By Bill Minor
JACKSON – No decades-old federal building in these parts seems safe from the federal budget axe these days – even the great old federal courthouse in Meridian where some of Mississippi’s most notable civil rights events unfolded last century.
A story in The New York Times said Meridian’s 79-year-old federal courthouse is one of six on the government’s chopping block. The crunch in the nation’s budget is partly to blame. It seems a judicial conference body made up of senior judges with authority to close less essential courthouses which have no permanent sitting judge in smaller cities.
Meridian is just not big enough to avoid the conference’s hit list. Now folks in the East Mississippi town are waiting for the axe to drop.
That courtroom is where James Meredith on May 31, 1961, made his first public appearance in what would become a momentous bid to break the color barrier at the University of Miississippi.
Representing Meredith in his Meridian courthouse appearance, and throughout the prolonged legal battle in Jackson, was Constance Baker Motley, the tall, sturdy NAACP legal counsel who had flown down from New York. It must be noted that in the Jackson courtroom where Meredith was grilled relentlessly for weeks by state attorneys, a 40-foot wide mural painted in 1935 depicting blacks in subservient roles amid cotton fields provided the backdrop. That Jackson federal courthouse building was vacated last year when a new one opened.
Isn’t it historically coincidental that a 50-year observance of Meredith’s enrollment in Ole Miss is being marked in a three-day program this very weekend?
On Oct. 20, 1967, in the Meridian courtroom, seven of 18 Klansmen charged in the Neshoba County lynch-style slaying of three young civil rights workers were convicted (one more pleaded guilty) for the first time in state history under post-Civil War civil rights criminal laws. John Doar, the legendary Justice Department civil rights attorney whose six-year presence in Mississippi was crucial to enforcement of federal civil rights and voting rights laws, prosecuted the Klansmen.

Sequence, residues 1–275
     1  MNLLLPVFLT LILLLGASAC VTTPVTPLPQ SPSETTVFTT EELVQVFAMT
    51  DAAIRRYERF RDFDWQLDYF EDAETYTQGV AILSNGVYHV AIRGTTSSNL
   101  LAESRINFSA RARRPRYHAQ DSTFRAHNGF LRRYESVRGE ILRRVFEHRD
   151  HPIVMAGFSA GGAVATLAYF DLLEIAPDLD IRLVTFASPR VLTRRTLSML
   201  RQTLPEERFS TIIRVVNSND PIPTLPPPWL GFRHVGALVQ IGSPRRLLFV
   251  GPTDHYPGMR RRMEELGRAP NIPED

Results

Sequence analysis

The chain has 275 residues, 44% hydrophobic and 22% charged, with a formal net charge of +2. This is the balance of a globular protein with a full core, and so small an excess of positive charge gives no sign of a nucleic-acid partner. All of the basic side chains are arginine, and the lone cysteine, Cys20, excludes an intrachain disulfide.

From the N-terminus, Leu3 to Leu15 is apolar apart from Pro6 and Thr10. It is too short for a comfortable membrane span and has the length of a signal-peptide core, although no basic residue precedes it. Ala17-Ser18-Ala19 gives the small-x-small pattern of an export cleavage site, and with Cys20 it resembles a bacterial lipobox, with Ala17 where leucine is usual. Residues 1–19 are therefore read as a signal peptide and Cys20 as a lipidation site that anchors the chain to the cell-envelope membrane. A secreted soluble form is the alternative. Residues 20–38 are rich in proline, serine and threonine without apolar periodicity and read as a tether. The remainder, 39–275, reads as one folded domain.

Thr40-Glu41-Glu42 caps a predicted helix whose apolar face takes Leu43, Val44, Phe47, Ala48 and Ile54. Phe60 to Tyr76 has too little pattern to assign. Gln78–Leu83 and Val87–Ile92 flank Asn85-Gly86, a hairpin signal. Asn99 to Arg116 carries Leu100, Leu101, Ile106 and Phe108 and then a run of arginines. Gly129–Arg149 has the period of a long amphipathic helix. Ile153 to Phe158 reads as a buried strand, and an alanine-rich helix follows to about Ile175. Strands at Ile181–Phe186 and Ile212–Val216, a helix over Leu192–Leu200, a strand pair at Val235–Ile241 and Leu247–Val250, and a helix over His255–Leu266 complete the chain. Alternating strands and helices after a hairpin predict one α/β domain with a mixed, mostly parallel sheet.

Notably, five years earlier, Doar had spearheaded James Meredith’s prolonged battle to enroll at Ole Miss. Several times he had confronted Mississippi’s Gov. Ross Barnett when Barnett tried to defy court orders to enroll the black student. When the 28-year-old black man finally was registered, it was Doar who accompanied him to the institution. Doar, now 92, was to be an honored speaker on the Monday program marking Meredith’s enrollment but could not attend because of illness.
One day during the pre-trial proceedings of the Neshoba case, Alton Wayne Roberts of Meridian, a 300-pound former boxer believed to be a triggermen in the murders, slugged CBS photographer Laurens Pierce when he attempted to catch Roberts entering the courthouse. I was one of the few newsmen close by who witnessed the incident. When Roberts sued the network on grounds that Pierce assaulted him with a handle attached to the camera, I was called to testify. Wanting to avoid any lengthy litigation, CBS paid a small settlement of the case. Roberts, who got one of the maximum jail terms in the Neshoba case, is deceased.
Just another dark chapter in Mississippi’s history.
Independent columnist Bill Minor has covered Mississippi politics since 1947. Contact him through Ed Inman at email@example.com.